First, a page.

France's Far Right National Front Gains Ground Ahead Of Elections
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In France, mainstream political parties are alarmed over the success of the far-right in regional elections underway. In some regions, the National Front took more than 40 percent of the vote Sunday, and the party could take control of those regions after the second round of voting this Sunday. NPR's Eleanor Beardsley sends this report from Marseille.
ELEANOR BEARDSLEY, BYLINE: Customers gather around a fish stall in the bustling port city of Marseille. Oysters, shrimp and glassy-eyed fish are laid out on ice. This is France's second-largest city. Around a quarter of the population is Muslim, and it's a stronghold of the far-right. Retiree Bernadette Gira, who used to vote for the mainstream right, says she'll be thrilled if the National Front takes this region on Sunday.
BERNADETTE GIRA: (Through interpreter) We are sick of the socialists and the conservatives. They just change back and forth between each other, and nothing changes. So why not try something new? I would like for things to be like they used to be, when people could go out in the street and feel secure and earn a good living.
BEARDSLEY: Gira says if Hollande had been doing his job, France wouldn't have been attacked by terrorists last month. Briac de Musset is behind the counter. The young fishmonger says he's also open to trying the National Front.
BRIAC DE MUSSET: (Through interpreter) The traditional political parties aren't interested in the working-class, or even the middle class, really. They're just using them to continue their bourgeois politics and stay in power.
BEARDSLEY: The National Front came in first place among French blue-collar workers last weekend. The French far-right advocates strong worker protections, long-term unemployment benefits and a nationalist trade policy.
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MARION MARECHAL-LE PEN: (Speaking French).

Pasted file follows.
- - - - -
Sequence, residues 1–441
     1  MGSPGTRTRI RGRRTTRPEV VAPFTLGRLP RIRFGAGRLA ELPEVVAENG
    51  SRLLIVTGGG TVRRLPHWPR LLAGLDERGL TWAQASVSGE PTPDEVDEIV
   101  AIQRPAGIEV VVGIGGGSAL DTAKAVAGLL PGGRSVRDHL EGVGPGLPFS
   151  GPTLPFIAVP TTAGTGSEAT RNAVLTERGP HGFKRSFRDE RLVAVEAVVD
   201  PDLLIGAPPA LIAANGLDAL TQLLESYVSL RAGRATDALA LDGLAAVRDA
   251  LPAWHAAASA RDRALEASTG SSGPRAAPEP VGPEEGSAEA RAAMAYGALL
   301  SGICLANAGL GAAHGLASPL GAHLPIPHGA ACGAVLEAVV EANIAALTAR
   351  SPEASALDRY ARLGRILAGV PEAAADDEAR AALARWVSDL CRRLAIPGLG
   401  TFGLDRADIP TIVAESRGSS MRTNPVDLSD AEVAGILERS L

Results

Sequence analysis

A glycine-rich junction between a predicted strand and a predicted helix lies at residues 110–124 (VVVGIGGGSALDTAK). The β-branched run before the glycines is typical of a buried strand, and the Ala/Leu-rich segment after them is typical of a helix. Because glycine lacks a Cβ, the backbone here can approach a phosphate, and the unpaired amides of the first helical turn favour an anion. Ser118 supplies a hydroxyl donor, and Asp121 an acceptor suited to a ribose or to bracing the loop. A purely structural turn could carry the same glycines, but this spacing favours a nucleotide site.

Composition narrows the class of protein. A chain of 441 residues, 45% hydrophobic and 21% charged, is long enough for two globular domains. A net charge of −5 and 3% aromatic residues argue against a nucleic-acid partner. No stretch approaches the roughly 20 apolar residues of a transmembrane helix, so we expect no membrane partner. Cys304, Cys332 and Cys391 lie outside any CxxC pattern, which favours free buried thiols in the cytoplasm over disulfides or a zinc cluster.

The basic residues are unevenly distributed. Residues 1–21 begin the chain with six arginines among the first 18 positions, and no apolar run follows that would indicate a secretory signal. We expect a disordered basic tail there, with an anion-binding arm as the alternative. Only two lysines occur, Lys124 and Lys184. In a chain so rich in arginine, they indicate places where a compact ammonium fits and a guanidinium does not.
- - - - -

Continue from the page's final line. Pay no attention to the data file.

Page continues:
BEARDSLEY: Speaking at a rally this week in Marseille, the National Front's main candidate for this region, Marion Marechal-Le Pen, outlined her program of patriotic protection for local companies. She won applause when she denigrated multinational corporations. The 26-year-old politician is the granddaughter of the National Front's founder, Jean-Marie Le Pen. It was her aunt, current party leader Marine Le Pen, who transformed the National Front from a fringe party of the extreme-right to a real political alternative for many French voters.
NONNA MAYER: The idea that the right was in office, the left was in office, they govern together, and look, they haven't managed to solve the problem number one, which is not terrorists, which is unemployment. So she is surfing on that wave of anti-elite, anti-terrorism, anti-immigrants mood, and she's done it very skillfully.
EVA TAHLA: (Speaking French).
BEARDSLEY: Eva Tahla was a socialist candidate from Marseille's regional council, but her party did so poorly in first-round voting last Sunday that it's dropped out of the election altogether and is asking its supporters to back mainstream conservative candidates and block the National Front. Twenty-six-year-old Tahla says she's particularly concerned by young people who support Le Pen.
TAHLA: (Through interpreter) This generation is really hit by unemployment. Young people are looking for answers. We've had the left and the right in power and still haven't found any.
BEARDSLEY: Tahla says, in 1968, disillusioned French students revolted and turned to the left. Today, she says, young people are either apathetic or falling into the embrace of the far-right. Eleanor Beardsley, NPR News, Marseille.
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